And it’s not, not in the least.  Sure there are monsters, some even of the aquatic variety, and lots of water; but if that made a movie Lovecraftian, then Steven Spielberg’s Jaws could be as well (which it most definitely isn’t).

Because for a movie to be called so would mean that it not only involves monsters, but embody some of the underlying ideas of Lovecraft’s Mythos, which typically revolves around sinister forces aligned against humankind, whether on a larger or  smaller scale.

Now what Spring is is an awesomely taut, interesting love story.  It’s also best watched twice because you can see the care with which Aaron Moorhead and Justin Benson craft their story.  There’s virtually no wasted frames in the entire movie, with everything you see either helping to contribute to a feeling of dread or sell the underlying premise.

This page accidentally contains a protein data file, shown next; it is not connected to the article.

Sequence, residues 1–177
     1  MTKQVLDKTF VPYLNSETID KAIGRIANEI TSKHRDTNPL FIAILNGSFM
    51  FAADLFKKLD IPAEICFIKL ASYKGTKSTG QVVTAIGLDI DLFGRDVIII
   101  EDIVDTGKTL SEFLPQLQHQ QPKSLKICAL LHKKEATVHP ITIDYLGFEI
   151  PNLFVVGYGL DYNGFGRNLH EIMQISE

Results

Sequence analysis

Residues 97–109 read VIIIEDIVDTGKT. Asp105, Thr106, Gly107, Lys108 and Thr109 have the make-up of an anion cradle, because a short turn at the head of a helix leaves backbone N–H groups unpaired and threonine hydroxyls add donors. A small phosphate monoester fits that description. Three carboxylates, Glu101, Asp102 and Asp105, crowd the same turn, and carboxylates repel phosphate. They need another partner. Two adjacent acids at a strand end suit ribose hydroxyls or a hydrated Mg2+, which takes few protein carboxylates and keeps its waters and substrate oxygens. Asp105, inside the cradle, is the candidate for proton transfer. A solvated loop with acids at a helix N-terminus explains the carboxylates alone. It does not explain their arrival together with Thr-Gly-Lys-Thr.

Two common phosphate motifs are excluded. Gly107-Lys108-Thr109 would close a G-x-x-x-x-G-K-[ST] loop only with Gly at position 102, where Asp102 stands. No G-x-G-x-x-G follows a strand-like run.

Though it’s not perfect, with its weakest scene being the one where Louise (Nadia Pilker) looks into supernatural means to cure her…condition.  The problem isn’t the scene in and of itself, more so than if a person had lived as long as she had, she’d probably have tried it already (though in the movie’s defense she might have done so because she found herself growing closer to Evan (Lou Taylor Pucci) and wasn’t thinking straight.

It’s no accident that that title of the movie is Spring, because the themes of death and rebirth run through the entire movie, most often in a very clever fashion.

The season of Spring has begun on iTunes, though be careful because while love may be eternal, you’re not.

Transformers: Age of Extinction – Review

“What Kind Of Cars Are Those?  They’re  So Scary.”

I didn’t make up that quote, by the way, it’s an actual line from the movie, which is problematic because NO ONE talks like that, particularly when there’re being chased by a bunch of assassins.   Though the thing is, the actor who uttered the line, T.J. Miller, is always interesting, so I was able to let it go (though clearly not forget).